12 things you didn’t know about the Criminal Justice and Courts Act 2015

The Criminal Justice and Courts Act 2015 is one of those wide-raging criminal justice acts which create numerous new offences, make substantial changes to sentencing and try to address lots of minor anomalies in a way that has become increasingly popular in the last two decades.

Share This Post

Share on twitter
Share on facebook
Share on linkedin
Share on email

Wide-ranging Act

The Criminal Justice and Courts Act 2015 is one of those wide-raging criminal justice acts which create numerous new offences, make substantial changes to sentencing and try to address lots of minor anomalies in a way that has become increasingly popular in the last two decades.

Justice Secretary Chris Grayling chose to emphasise how tough the Act is in the MoJ’s official press release:

“Crime has fallen, serious offenders are going to prison for longer and now we have changed the law to deliver tougher and swifter justice for victims and the public.”

“As well as bringing in a range of vital new offences and other important legal changes our reforms are strengthening sentencing powers to provide better protection for our communities.”

The Act creates at least eight new offences, increases the penalties for a number of crimes and levies new charges on anyone convicted of a criminal offence.

[divider]

The measures

The Act received Royal Assent on 12 February and comes into force on 13 April 2015 and I thought it might be interesting to look at some of its main provisions. Here are 12 things that you may not know about the Act; in addition to being more punitive, you will see that several apply to new offences committed online.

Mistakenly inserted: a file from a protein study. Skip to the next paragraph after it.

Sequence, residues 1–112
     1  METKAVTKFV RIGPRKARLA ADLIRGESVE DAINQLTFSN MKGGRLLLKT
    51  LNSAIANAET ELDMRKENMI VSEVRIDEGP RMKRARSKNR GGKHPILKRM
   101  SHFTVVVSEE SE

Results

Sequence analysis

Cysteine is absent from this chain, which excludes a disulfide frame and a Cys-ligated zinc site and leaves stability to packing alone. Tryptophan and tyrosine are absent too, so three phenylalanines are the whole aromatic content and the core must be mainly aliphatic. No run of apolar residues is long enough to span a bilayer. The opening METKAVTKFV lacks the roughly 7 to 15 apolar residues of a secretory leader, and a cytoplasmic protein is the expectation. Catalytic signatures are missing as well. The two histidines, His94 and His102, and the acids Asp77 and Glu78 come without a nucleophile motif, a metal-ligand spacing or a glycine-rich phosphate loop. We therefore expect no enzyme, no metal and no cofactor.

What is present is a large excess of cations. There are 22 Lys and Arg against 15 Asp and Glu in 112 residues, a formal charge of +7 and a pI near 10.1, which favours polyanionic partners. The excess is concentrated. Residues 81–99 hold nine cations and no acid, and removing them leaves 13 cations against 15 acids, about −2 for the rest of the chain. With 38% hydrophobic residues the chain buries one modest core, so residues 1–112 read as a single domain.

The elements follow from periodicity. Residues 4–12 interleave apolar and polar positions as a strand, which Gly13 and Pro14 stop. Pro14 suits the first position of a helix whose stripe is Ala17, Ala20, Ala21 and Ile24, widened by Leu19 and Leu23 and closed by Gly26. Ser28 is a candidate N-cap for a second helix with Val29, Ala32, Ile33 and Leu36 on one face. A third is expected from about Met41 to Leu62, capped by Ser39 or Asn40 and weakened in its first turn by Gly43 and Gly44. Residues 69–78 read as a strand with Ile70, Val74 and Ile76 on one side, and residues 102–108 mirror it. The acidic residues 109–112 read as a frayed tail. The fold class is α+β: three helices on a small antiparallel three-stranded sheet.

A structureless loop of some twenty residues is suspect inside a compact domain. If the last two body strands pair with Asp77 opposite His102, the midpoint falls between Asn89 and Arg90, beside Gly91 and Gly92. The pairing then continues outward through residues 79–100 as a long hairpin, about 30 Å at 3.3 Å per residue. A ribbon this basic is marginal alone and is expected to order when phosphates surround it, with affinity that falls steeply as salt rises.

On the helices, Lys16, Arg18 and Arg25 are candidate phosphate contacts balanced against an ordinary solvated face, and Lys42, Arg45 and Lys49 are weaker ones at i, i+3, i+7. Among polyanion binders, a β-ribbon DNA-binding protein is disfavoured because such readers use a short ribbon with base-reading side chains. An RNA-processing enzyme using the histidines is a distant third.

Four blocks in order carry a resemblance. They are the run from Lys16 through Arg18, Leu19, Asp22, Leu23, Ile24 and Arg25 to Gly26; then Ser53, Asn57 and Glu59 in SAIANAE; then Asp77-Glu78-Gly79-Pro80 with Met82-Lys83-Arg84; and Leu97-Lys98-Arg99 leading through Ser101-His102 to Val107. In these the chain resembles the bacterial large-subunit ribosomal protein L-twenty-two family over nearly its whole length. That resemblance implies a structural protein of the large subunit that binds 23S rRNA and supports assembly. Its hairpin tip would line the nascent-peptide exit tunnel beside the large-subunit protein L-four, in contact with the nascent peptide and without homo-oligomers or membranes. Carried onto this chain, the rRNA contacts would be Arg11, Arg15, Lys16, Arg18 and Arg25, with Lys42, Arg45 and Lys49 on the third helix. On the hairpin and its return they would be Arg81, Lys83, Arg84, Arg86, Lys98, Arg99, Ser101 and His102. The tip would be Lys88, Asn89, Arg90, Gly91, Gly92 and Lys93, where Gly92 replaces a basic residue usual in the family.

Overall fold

1. All child rapists and terrorists serving custodial sentences will only be released before the end of their prison term if the independent Parole Board decides they no longer represent a risk to the public
  2. A new criminal offence of revenge porn has been created, meaning that those who share private, sexual images of someone without consent and with the intent to cause distress will now face up to 2 years in prison
  3. Banning cautions for criminals convicted of serious offences and, for less serious offences, stopping repeat cautions for anyone who commits the same or similar offence more than once in a 2-year period. Offenders will be prosecuted instead.
  4. Making possession of extreme pornography that shows images depicting rape illegal.
  5. Increasing the maximum penalty to 2 years in prison for online trolls who send abusive messages or material.
  6. Four new criminal offences of juror misconduct. These are researching details of a case (including online research), sharing details of the research with other jurors, disclosing details of juror deliberation and engaging in other prohibited conduct
  7. Imposing a new fee at the point of conviction to make criminals contribute towards the costs of running the courts system
  8. Creating a new offence of causing serious injury by driving while disqualified, carrying a maximum penalty of 4 years in prison, and increasing the maximum prison sentence for causing death by disqualified driving to 10 years.
  9. Increasing the maximum penalty for prisoners who fail to return from a period of temporary release from 6 months to 2 years in prison